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Coronavirus
VERY HIGH Source: covid.gov.pk
Pakistan Deaths
27,482
5024hr
Pakistan Cases
1,234,828
2,23324hr
4.23% positivity
Sindh
453,858
Punjab
426,639
Balochistan
32,828
Islamabad
104,764
KPK
172,498

EDITORIAL: Finance Minister Shaukat Tarin while speaking at a workshop titled “Pakistan’s Economy – Fragility and Smart Action Strategy” organised by Headquarters Southern Command emphasised that the realisation of 6 to 7 percent growth requires economic stability. Today stabilisation is no longer defined as it was in 2018/19: (i) reducing the historically high current account (C/A) deficit of 20 billion dollars given that today the current account (C/A) is in surplus; (ii) maintaining a significantly overvalued rupee with the objective of understating external indebtedness that the PML-N administration during the tenure of last PML-N government with Ishaq Dar its Finance Minister wrongly supported (with the rupee only slightly overvalued at present); and (iii) low foreign exchange reserves unable to meet three months of imports which in June 2021 were slightly over 16 billion dollars. Instead stabilisation today is defined as fuelling growth, which necessitates continuation of monetary and fiscal policies post-dating the onslaught of the pandemic which are at odds with the upfront extremely harsh time-bound structural benchmarks agreed with the International Monetary Fund (IMF) by the previous economic team leader Dr Hafeez Sheikh that stifled growth to 1.5 percent and fuelled inflation to 13 percent in 2019-20 pre-pandemic.

Inclusive growth, as per Shaukat Tarin, is targeted to be achieved through the Prime Minister’s signature Ehsaas programme, Sehat Sahulat Card, housing package and interest-free credit and subsidies to the poor farmers. While the IMF is unlikely to raise any objections to the inclusive growth agenda yet there is a serious concern that unless Tarin can generate higher revenue collections and implement a power sector reform agenda that is yet to be agreed with the World Bank, the lead agency in this sector, targeted to lower the circular debt flow and stock, the scheduled September Fund reviews may be deferred. A further deferral would make borrowing costs even higher and strain Pakistan’s growth momentum.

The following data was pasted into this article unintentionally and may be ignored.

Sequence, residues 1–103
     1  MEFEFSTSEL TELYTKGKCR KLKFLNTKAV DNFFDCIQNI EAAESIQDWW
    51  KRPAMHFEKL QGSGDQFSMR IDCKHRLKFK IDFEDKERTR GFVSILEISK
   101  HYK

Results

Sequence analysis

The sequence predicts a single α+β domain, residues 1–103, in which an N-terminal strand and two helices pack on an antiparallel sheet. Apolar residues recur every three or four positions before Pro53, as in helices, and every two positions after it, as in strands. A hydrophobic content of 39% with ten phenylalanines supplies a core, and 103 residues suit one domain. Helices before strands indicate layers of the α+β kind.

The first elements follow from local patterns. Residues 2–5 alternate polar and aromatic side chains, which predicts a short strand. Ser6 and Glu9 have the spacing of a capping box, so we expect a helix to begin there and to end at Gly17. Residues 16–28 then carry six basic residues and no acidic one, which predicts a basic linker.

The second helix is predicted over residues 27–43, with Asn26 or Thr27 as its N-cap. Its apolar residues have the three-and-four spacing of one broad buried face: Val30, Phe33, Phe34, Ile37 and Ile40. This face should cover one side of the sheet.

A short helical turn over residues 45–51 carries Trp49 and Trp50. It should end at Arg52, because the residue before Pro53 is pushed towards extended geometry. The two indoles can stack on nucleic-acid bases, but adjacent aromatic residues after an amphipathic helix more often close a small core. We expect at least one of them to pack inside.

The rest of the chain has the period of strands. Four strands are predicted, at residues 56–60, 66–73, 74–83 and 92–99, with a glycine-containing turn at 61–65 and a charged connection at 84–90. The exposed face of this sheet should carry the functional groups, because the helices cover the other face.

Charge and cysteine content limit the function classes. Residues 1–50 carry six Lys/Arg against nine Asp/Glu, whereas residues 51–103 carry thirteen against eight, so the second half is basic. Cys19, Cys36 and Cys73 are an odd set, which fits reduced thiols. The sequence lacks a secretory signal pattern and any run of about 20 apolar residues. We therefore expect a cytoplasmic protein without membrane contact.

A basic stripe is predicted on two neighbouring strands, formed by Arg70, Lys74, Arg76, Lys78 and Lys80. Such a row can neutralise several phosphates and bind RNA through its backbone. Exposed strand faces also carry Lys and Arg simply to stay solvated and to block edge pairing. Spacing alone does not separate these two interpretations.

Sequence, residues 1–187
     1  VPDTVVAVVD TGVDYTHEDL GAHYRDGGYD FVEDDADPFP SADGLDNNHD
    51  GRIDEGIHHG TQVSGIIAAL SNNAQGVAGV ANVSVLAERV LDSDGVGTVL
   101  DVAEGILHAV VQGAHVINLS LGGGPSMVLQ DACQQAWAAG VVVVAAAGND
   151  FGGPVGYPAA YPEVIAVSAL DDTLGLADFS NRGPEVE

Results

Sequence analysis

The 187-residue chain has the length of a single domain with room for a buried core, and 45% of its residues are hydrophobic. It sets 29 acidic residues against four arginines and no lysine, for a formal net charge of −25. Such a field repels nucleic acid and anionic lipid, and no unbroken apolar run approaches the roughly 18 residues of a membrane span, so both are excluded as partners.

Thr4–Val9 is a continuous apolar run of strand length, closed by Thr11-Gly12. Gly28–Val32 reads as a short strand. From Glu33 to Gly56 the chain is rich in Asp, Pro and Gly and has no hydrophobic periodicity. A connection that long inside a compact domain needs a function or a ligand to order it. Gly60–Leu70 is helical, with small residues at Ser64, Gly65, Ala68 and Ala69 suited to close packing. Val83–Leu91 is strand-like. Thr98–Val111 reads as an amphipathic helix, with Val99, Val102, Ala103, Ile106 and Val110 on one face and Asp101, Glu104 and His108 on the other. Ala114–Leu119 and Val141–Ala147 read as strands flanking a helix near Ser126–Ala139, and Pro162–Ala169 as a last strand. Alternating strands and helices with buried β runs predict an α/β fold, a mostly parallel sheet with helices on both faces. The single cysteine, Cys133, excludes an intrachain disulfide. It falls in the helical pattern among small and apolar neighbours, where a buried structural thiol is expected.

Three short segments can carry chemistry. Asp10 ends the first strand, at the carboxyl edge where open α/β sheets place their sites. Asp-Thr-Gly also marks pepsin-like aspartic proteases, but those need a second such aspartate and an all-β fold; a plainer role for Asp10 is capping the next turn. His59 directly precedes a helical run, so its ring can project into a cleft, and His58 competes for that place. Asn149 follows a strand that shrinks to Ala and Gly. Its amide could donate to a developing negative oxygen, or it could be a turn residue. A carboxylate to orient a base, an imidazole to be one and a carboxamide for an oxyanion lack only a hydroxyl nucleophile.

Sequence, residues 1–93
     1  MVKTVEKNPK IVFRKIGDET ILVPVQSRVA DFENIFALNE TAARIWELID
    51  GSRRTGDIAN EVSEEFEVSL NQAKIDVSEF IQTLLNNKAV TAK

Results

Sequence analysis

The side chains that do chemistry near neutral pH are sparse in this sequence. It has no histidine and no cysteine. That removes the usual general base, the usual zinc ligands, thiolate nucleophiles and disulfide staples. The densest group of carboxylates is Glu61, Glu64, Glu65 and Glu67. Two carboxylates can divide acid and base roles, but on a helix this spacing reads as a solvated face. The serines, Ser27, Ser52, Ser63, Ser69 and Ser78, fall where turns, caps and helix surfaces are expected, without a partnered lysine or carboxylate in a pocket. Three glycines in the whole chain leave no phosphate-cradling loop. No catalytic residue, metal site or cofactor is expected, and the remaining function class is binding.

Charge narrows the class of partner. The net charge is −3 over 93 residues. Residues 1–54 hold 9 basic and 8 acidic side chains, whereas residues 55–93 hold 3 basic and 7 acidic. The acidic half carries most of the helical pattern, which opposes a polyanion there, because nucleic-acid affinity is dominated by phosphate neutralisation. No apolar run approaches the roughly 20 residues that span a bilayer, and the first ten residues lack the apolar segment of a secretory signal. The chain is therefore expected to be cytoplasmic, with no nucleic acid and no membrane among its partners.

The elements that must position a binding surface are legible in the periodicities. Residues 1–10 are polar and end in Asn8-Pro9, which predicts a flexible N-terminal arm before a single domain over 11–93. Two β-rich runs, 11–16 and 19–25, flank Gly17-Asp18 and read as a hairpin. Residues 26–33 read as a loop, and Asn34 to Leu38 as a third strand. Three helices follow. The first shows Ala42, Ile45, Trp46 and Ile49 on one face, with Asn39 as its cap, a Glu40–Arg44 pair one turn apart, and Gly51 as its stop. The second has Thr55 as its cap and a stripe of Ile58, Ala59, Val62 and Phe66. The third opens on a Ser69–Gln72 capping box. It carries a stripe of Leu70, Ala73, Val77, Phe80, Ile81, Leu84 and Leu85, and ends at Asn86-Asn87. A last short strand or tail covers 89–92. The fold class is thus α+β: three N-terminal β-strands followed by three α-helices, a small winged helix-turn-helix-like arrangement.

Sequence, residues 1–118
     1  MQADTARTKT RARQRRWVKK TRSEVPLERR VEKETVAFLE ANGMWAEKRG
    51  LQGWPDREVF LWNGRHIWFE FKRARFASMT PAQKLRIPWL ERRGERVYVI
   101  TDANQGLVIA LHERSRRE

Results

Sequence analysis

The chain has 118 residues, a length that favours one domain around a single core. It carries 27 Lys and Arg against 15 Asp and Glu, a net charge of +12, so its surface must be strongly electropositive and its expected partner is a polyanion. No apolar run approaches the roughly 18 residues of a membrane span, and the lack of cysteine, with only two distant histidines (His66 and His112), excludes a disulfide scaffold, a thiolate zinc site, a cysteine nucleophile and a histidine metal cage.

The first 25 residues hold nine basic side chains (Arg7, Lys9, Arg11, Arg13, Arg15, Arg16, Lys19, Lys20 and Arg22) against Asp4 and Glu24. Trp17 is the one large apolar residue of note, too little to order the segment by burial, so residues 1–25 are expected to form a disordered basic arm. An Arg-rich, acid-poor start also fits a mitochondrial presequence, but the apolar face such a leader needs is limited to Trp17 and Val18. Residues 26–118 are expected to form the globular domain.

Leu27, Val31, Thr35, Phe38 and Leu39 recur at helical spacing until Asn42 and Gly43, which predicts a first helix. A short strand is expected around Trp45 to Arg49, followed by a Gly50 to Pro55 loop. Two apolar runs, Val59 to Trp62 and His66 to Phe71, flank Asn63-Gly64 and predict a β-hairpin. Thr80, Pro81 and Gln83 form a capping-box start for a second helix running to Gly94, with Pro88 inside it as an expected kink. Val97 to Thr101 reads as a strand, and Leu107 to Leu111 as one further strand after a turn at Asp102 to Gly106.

The Fund rather naively argued in its April 2021 document that an upside for growth and programme objectives arises from the political calendar: with the Senate election having taken place in March 2021, there is a window to accelerate reforms until the general elections scheduled for August 2023. No political government, approaching mid-term of its tenure, with the honeymoon period clearly over, can sustain a tight monetary and fiscal policy that stifles growth on the one hand and fuels inflation further on the other.

In addition, there were two exogenous risks identified by the Fund in its April 2021 second to fifth reviews. First, the failure to implement the Anti-Money Laundering/Combating the Financing of Terrorism action plan with the Financial Action Task Force (FATF) that could hamper external financing and investment, a risk that has disturbingly come to pass with Pakistan remaining on the grey list. And second, “geopolitical tensions” were cited by the Fund as a risk and sadly these have exacerbated with the speeding up of the departure of US-led NATO forces from Afghanistan which, in the absence of an intra-Afghan agreement, if past precedence is anything to go by, is likely to spill over to our borders.

Exogenous factors particularly with respect to geopolitical considerations have thus begun to impact on our fragile economy and though our mantra today is friendship in peace rather than in conflict as in the past yet in recent months Pakistan’s foreign policy has been compelled to become reactive as opposed to proactive and the Khan administration’s earlier focus on economic diplomacy has clearly been forced to take a back seat.

It appears to be becoming increasingly difficult for the government sustain a morally robust foreign policy especially because the country’s economy is fragile and dependent on foreign assistance be it through foreign investment, borrowing, deferred payment facility for oil imports or trade agreements. We therefore need to move towards recalibrating its multifarious policies to take all factors, internal and external, into account.

Copyright Business Recorder, 2021

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